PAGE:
From Alzner to Wideman, we're taking a look at and grading (please read the criteria below) the 2010-11 season for every player who laced 'em up for the Caps for a significant number of games during the campaign, with an eye towards 2011-12. Next up, Brooks Laich.
#21 / Center / Washington Capitals
Jun 23, 1983
$4,500,000 cap hit in 2011-12; UFA summer 2017
'09-'10 Rink Wrap: 7.57
Key Stat: Between the penalty kill and the power play, Laich averaged almost five minutes of special teams ice time per game - nearly a quarter of his total ice time each night.
Interesting Stat: Laich took 1,394 faceoffs during the regular season, a mark that was not only double (or close to double) the total of anyone else on the team but also the 14th-highest faceoff total in the NHL.
The Good: Laich pretty much picked up where he left off last year despite signing that lucrative six-year contract extension over the summer, continuing to perform as a "jack of all trades" - chipping in on offense, providing some defensive conscience and putting in hefty minutes on both special teams. The result was a second-straight 16-goal season, bolstered by his five power-play goals (which were second only to Alex Ovechkin), and 41 points on the year including the third-most even-strength assists on the team in the regular season. He set a new single-season career high with five game-winning goals, which was also tied for the team lead, and one of those came shorthanded, as he was one of only two Caps to score while down a man when he tallied his ninth career shortie against the Maple Leafs on March 11.
Of course it was his last GWG of the year that was the most memorable and important, as he tallied the eventual winner (and added an assist) in what would become the playoff-clinching game against the Panthers - a day after having the audacity to
guarantee express his belief that the Caps would make the postseason. That's one way to up your badass levels.
Those two points against the Cats also helped him join the growing pack of Southeast killers, as he was tied for third-most points against the Southeast Division, and was one of the better forwards during the playoffs in terms of production as his seven points were tied for third-most on the team (including three points in an eventual Game 3 loss against the Bruins). Laich also continued to bolster the team while shorthanded, logging the second-highest ice time overall and the highest among the team's forwards in both the regular season and the playoffs. Under the heading of "doing the little things right", he was credited with 52 takeaways in the regular season, which was tied with Alexander Semin for top spot in that category, logged the third-highest shot total on the team during the regular season, and led the team in penalties drawn/60 during the playoffs.
Speaking of playoffs, he also blocked more shots than any other Caps' forward through 14 games - and still holds the second-highest
bruises-per-60 blocked shot total in the playoffs two rounds after being knocked out of them.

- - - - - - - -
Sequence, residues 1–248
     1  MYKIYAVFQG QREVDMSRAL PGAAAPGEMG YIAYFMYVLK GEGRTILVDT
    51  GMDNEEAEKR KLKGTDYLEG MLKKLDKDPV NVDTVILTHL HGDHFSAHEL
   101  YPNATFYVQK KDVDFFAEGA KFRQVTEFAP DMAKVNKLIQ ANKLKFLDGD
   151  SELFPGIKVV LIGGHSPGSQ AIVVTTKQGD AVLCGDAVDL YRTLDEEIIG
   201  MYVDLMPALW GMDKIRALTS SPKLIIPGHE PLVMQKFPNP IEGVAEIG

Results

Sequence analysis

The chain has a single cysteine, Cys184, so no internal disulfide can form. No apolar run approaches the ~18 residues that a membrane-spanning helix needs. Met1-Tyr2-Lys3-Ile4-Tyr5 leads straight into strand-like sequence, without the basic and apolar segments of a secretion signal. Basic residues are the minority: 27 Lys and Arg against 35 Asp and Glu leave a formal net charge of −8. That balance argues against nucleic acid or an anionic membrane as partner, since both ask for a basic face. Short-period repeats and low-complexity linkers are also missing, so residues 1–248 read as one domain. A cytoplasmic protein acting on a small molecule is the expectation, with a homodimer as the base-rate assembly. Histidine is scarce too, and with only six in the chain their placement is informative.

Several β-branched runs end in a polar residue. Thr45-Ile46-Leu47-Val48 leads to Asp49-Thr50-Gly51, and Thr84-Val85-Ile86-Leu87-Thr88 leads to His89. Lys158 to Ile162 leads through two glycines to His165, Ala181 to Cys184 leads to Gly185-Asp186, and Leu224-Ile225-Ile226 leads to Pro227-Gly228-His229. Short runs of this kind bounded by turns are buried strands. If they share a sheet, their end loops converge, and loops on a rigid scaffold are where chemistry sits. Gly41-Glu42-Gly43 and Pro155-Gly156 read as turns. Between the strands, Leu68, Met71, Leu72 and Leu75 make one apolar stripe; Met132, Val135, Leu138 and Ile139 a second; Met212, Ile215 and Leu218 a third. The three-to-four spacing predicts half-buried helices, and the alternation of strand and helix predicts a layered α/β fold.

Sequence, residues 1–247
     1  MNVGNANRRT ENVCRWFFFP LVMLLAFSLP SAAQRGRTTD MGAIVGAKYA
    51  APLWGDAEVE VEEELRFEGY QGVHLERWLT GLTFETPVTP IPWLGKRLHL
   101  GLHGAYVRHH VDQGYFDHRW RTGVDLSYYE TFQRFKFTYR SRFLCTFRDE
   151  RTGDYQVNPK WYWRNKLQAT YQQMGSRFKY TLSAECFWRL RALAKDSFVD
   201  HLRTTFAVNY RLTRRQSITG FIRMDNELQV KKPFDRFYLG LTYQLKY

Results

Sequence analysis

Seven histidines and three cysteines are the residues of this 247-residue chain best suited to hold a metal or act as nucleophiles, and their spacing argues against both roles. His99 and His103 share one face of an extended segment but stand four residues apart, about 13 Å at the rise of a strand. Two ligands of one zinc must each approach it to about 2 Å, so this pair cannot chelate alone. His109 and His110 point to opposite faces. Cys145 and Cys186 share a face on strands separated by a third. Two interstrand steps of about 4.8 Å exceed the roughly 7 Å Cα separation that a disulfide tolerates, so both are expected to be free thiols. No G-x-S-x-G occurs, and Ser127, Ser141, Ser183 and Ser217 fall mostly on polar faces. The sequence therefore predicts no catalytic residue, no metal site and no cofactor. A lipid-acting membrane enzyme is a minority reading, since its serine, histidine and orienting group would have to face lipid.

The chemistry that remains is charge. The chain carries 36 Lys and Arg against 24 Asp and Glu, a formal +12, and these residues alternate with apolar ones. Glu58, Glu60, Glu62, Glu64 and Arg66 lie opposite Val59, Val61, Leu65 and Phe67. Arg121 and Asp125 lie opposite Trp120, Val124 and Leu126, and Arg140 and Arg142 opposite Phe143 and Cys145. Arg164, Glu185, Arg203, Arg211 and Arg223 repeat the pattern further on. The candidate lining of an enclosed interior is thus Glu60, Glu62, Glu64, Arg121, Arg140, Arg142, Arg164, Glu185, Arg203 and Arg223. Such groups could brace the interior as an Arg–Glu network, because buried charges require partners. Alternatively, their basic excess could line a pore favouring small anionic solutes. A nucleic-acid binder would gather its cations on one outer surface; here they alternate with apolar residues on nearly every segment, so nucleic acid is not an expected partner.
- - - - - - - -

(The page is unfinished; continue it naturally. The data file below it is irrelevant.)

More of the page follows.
The Bad: As often as Laich is touted for - and put in the position to be - one of the team's shutdown forwards, he did struggle in that area over the course of the season (although to be fair he did play the toughest minutes of any forward). He was on for more goals-against during the regular season than any other Caps' forward and had the second-highest GAON/60 on the penalty kill among forwards, not to mention being on for five of the team's nine shorthanded goals-against. He finished the season a surprising minus-9, his lowest plus-minus rating since his first full season with the Caps back in 2005-06.
He didn't always balance it out with offensive production, either, often struggling with consistency despite putting up roughly the same point total as last year and failing for the second straight year to crack the 20-goal mark - considering how often he's put in a situation to provide secondary scoring, the team needed him to be a 20-goal guy and he wasn't able to do that. Part of that came down to a number of lengthy goal droughts, including four that stretched out over at least seven games; and while his five power-play goals were the second-most on the team (and his G/60 with the extra man did tick up a little from last year), he still needed to be producing more on the power play, especially when compared to what he's done in past seasons.
And with Nicklas Backstrom out for half the season with a concussion, Laich was asked to take on more responsibility at center - like his fellow pivots, he didn't seem quite up to the increased demands on his role, and never truly established himself as a strong top two center. He sported some pretty bad possession numbers over the course of the season and failed to crack 50% in faceoffs in either the regular season or playoffs; considering the fact that he started almost half of his shifts in the offensive zone, those lost faceoffs may have cost him or his teammates goals that, as the season progressed, became more and more valuable.
The Vote: Rate Laich below on a scale of 1-10 (10 being the best) based on his performance relative to his potential and your expectations for the season - if he had the best year you could have imagined him having, give him a 10; if he more or less played as you expected he would, give him a 5 or a 6; if he had the worst year you could have imagined him having, give him a 1.
The Discussion: After posting three straight 20+ goal seasons, Laich only put up 16 for the second straight year - do you think he's hit his offensive peak or can he find that 20-goal mark again? Do you think he is better suited to a top-six wing, a top-six center or a grinder role going forward? Is it important for the team or for Laich that he have a consistent, defined role or is it reasonable to simply expect him to perform in whatever role he's placed on a given night? And finally, what will it take for him to earn a "10" in 2012-13?